Former Secretary of Defense Robert Gates has strongly criticized President Barack Obama’s handling of the war in Afghanistan in his new book Duty: Memoirs of a Secretary of War.
In the book, Robert Gates says that the president was skeptical that his administration’s Afghan strategy would succeed.
“I never doubted [his] support for the troops, only his support for their mission,” Robert Gates writes.
Robert Gates was Pentagon chief under Presidents Barack Obama and George W. Bush.
He was the first Pentagon head to serve presidents of different parties before leaving political office in 2011.
Although Robert Gates describes Barack Obama as “a man of personal integrity” who was right in his decisions regarding Afghanistan, he says that the president was uncomfortable with the wars in Iraq and Afghanistan, which he inherited from the Bush administration.
Robert Gates also says Barack Obama was distrustful of the military that was providing him options.
He writes in the memoir that in March 2011 Barack Obama did not trust General David Petraeus – the US military commander in Afghanistan in 2010-11 – and “could not stand” Afghan President Hamid Karzai.
Barack Obama “doesn’t consider the war to be his”, Robert Gates writes of a March 2011 meeting in the White House.
“For him, it’s all about getting out.”
According to The Washington Post, the memoir is “in contrast to his subdued, even-keeled public demeanor as Pentagon chief”, and Robert Gates “strikes an often bitter tone in his memoir”.
In the book, Robert Gates voices frustration at the “controlling nature” of Barack Obama’s White House, which he says constantly interfered in Pentagon affairs, even though civilian aides lacked knowledge of military operations.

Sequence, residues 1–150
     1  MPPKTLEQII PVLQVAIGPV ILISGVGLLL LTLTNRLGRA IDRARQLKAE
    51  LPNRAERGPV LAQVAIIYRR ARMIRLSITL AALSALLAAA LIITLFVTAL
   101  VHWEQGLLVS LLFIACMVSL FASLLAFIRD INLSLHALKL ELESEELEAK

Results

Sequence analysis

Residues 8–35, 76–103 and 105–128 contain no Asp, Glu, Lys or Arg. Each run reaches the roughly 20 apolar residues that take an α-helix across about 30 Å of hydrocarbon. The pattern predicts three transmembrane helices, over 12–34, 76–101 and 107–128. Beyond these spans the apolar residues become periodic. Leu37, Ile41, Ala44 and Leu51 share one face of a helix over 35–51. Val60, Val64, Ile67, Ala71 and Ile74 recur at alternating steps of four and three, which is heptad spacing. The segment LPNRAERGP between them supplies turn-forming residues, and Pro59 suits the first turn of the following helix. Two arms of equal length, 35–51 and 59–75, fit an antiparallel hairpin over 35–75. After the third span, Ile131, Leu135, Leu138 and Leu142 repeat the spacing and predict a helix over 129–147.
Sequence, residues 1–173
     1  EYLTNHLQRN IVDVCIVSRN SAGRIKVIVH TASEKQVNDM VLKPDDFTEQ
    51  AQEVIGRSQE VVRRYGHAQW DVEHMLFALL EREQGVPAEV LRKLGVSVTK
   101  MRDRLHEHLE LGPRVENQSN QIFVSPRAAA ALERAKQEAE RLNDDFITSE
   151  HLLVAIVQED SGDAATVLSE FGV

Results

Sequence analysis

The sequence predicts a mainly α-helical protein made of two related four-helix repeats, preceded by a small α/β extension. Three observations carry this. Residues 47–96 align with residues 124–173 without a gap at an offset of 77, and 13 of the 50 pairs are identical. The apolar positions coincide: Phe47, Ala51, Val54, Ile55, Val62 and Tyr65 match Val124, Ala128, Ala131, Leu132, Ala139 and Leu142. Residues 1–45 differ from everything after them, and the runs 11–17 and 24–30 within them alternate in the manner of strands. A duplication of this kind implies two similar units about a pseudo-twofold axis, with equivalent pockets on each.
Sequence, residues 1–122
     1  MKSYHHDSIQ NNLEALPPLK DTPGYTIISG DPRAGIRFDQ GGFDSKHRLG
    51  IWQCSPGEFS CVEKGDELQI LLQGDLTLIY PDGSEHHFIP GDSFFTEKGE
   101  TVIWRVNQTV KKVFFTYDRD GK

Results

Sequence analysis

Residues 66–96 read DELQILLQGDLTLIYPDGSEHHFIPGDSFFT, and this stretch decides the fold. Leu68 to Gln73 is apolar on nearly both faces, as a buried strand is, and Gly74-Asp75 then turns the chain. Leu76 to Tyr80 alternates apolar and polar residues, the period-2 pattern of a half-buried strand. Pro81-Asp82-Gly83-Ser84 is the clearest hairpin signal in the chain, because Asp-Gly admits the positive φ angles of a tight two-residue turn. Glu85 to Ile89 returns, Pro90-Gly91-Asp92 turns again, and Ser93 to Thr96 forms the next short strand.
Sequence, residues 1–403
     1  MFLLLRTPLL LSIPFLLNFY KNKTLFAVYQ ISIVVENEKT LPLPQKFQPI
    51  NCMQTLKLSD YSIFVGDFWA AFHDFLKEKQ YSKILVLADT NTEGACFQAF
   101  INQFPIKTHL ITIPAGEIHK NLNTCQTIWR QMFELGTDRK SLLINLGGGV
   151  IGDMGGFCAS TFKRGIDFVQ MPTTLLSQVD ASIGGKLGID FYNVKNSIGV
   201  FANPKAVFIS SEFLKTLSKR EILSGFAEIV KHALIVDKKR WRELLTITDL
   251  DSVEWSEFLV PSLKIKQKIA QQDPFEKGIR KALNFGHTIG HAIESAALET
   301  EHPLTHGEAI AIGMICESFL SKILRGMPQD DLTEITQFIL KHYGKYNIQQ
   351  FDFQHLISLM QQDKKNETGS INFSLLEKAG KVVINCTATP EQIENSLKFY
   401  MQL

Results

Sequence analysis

The White House national security staff “took micromanagement and operational meddling to a new level,” Robert Gates writes, comparing their approach to that of the Nixon era of the 1970s.
“All too early in the administration,” Robert Gates writes, “suspicion and distrust of senior military officers by senior White House officials – including the president and vice president – became a big problem for me as I tried to manage the relationship between the commander-in-chief and his military leaders.”
However, Robert Gates does give credit to the president for approving the raid on Osama Bin Laden’s compound in Pakistan – which he himself initially opposed – describing it as “one of the most courageous decisions I had ever witnessed in the White House.”
Robert Gates is also effusive in his praise of former Secretary of State Hillary Clinton.
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